Self-Reflection: Preparing for the Final Stretch


As the debate season progresses towards its culmination, it’s vital for students to reflect on their experiences, learn from their performance in past tournaments, and set targeted goals for improvement. This resource guides students through a structured reflection process on their debate rounds so far, encouraging them to identify areas for growth and develop a focused plan for enhancement as they approach the final tournaments of the school year.


This activity is designed for middle school and high school debate team members participating in any form of competitive debate, including Lincoln-Douglas, Public Forum, Policy, and Congressional Debate. It’s an ideal exercise for coaches to implement during team meetings or for individual debaters to undertake as part of their personal preparation.

Learning Outcomes

  • Self-Assessment: Students will learn to critically evaluate their debate performances, identifying strengths and areas for improvement.
  • Goal Setting: Develop the ability to set specific, actionable goals for skill enhancement in preparation for future competitions.
  • Strategic Planning: Enhance strategic thinking by prioritizing focus areas and outlining steps to achieve set goals.
  • Reflective Practice: Cultivate a habit of reflective practice, essential for continuous improvement in debate and beyond.


  1. Individual Reflection:

    • Provide students with a list of reflective questions about their debate rounds so far. Encourage them to consider each question carefully and write down their thoughts. Sample questions might include:
      • What are the key strengths I have demonstrated in my debates?
      • Which arguments or strategies have I found to be most effective?
      • What feedback have I received from judges or peers that points to areas for improvement?
      • Have I noticed any patterns in the rounds I’ve lost or found challenging?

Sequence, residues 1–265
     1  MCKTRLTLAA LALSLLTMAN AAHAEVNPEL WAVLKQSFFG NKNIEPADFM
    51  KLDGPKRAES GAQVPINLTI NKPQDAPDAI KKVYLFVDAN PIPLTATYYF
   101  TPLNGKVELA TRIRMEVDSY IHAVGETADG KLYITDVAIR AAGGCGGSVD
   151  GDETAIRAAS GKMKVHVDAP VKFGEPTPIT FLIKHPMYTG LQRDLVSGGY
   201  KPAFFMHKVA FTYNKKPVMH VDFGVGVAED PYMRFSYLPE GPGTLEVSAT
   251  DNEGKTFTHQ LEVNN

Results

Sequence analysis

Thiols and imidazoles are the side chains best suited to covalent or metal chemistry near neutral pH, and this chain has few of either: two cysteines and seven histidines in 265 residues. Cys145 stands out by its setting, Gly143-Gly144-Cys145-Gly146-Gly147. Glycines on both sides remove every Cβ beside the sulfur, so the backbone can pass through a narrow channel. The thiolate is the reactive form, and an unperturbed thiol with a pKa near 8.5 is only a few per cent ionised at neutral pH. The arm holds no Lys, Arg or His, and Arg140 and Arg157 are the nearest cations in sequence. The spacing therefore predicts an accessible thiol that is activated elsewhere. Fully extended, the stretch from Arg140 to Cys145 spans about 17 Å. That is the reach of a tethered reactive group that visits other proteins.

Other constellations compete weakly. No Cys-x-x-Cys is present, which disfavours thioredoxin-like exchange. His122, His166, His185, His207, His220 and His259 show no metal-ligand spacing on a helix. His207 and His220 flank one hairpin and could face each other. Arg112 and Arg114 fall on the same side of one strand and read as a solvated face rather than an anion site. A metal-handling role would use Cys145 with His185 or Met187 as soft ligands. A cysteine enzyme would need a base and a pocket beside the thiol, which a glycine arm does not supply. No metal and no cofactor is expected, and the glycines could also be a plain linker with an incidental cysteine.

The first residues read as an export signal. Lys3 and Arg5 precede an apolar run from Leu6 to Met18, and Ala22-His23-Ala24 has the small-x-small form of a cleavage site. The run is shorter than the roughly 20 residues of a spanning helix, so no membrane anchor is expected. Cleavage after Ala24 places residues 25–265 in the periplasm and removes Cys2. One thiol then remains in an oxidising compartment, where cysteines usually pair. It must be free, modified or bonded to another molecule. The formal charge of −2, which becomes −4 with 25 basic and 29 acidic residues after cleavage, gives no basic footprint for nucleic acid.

• What aspects of my delivery (e.g., clarity, pacing, gestures) can be enhanced?
      • How effectively did I construct my cases, and was my strategy clear and persuasive to the audience and judges?
      • How can I enhance my evidence selection and presentation to strengthen my case?
      • What techniques can I develop to improve my performance during cross-examination?
      • How effective were my rebuttals and counterarguments? Did I accurately address the weaknesses in my opponent’s case, and was I able to adapt my strategy based on the flow of the debate?
      • Reflecting on my performance, how can I improve my time management and organization to enhance clarity and impact?
  2. Identifying Areas for Improvement:

    • Ask students to review their reflections and identify common themes or specific areas where they see the most significant opportunity for growth.
    • Encourage them to list these areas in order of priority, considering the impact of each on their overall performance.
  3. Goal Setting:

    • For each identified area of improvement, students should set specific, measurable goals for what they want to achieve before the end of the school year. Examples of goals might include improving argument structure, enhancing evidence quality, or increasing speaker points by a certain amount.
  4. Action Plan Development:

    • Students then develop an action plan for achieving their goals. This plan should include specific tasks or activities, such as practice debates, research sessions, speech drills, or feedback sessions with coaches and peers.
    • Encourage students to set deadlines for their goals to help manage their time effectively and maintain focus.
  5. Sharing and Feedback:

    • Have students share their reflection insights, goals, and action plans in small groups or with the entire team. This process can foster a supportive team environment where students feel accountable and can offer each other constructive feedback and suggestions.


Engaging in this tournament reflection and growth activity empowers students to take charge of their development as debaters. By identifying areas for improvement and setting focused goals, students can make the most of the remaining months of the school year, entering their final tournaments with confidence, improved skills, and a strategic approach to their continued success in debate.

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